Dr Thomas Rogers is a historian in the Military History Section at the Australian War Memorial, where he researches colonial Australian history, the South African (Boer) War, and the First World War. He researches and writes Last Post Ceremony biographies and provides historical advice to exhibition teams. Tom acted as a historical advisor on the Battle of Hamel Virtual Reality Experience in 2018, and on the refreshing of the Colonial Gallery in 2019.
He joined the Memorial in 2017, after lecturing and tutoring in history at the University of Melbourne and the Australian Catholic University. His research interests include colonial Australian and British Empire history, Indigenous history, frontier violence, and military and political history.
Tom is on the editorial committee of the Journal of Australian Studies and the Memorial’s history magazine, Wartime. He is the author of The Civilisation of Port Phillip: Settler Ideology, Violence, and Rhetorical Possession (2018), which considers the early years of British settlement in the state of Victoria, and the relationships between settler rhetoric and frontier violence.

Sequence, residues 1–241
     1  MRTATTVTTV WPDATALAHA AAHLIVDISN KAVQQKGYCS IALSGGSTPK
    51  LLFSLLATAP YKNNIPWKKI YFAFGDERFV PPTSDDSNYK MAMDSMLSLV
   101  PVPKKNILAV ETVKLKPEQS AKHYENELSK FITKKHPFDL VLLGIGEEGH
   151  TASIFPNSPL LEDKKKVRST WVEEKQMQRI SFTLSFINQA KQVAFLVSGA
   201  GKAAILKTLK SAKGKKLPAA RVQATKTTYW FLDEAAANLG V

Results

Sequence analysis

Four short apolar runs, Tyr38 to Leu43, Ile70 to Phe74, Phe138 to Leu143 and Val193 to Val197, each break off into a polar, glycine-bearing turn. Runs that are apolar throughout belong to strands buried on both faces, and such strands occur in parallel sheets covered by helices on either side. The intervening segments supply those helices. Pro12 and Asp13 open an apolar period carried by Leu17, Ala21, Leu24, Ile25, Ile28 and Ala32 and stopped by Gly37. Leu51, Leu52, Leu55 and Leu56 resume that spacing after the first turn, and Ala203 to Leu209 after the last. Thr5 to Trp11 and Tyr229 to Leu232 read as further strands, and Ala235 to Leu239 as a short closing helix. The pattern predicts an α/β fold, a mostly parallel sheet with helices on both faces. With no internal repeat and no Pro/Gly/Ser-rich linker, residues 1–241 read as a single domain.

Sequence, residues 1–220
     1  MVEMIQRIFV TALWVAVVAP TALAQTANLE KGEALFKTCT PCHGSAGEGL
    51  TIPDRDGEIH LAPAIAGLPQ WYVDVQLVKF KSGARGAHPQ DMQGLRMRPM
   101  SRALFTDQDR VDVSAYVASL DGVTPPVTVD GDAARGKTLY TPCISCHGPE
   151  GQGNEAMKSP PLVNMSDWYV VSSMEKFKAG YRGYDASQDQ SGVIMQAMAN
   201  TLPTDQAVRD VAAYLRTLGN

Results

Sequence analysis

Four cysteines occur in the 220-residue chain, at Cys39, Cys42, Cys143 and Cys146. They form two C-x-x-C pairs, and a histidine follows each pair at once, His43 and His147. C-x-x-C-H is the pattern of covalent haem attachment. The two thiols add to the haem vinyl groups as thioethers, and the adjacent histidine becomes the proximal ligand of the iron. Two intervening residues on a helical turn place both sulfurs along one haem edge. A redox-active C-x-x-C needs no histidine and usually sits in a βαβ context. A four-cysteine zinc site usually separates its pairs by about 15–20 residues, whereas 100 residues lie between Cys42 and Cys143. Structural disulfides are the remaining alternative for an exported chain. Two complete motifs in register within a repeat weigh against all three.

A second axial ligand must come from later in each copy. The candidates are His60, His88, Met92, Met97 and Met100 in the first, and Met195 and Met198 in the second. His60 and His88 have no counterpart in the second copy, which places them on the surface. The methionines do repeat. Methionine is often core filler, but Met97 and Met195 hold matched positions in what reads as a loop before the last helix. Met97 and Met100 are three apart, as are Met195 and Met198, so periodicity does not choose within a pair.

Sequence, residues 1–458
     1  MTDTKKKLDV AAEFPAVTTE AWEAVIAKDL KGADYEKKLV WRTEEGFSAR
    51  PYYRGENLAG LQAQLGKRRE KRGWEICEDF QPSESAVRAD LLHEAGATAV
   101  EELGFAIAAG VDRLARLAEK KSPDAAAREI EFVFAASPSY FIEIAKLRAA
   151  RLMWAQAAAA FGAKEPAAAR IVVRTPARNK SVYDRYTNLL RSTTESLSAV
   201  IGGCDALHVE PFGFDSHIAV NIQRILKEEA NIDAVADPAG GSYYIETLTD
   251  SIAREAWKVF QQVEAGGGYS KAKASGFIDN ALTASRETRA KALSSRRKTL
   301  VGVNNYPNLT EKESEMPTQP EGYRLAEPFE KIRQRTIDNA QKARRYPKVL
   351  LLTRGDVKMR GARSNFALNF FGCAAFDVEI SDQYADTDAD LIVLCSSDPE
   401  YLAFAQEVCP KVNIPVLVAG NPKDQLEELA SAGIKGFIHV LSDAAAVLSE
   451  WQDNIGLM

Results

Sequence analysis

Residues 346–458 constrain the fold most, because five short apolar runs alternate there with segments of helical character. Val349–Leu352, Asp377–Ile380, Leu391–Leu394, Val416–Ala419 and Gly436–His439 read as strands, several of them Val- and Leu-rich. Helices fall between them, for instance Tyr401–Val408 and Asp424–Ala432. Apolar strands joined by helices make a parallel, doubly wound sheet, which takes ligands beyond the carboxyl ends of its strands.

The Civilisation of Port Phillip: Settler Ideology, Violence, and Rhetorical Possession, Melbourne University Press, 2018.
“Anzac trauma and frontier violence? Re-examining the Coniston Massacre”, in Keir Reeves and Carolyn Holbrook (eds.), The Great War: Aftermath and Commemoration, NewSouth, Sydney, forthcoming.
Murdering Gully: settlers killed 35 in Aboriginal camp, and threw bodies into the water”The Guardian, 23 March 2019.
“From the frontier to the veldt: Indigenous Australian service, 1788–1901”, in Lachlan Grant and Michael Bell (eds.), For Country, For Nation: An illustrated history of Aboriginal and Torres Strait Islander military service, Australian War Memorial, Canberra, 2018, pp. 29–39.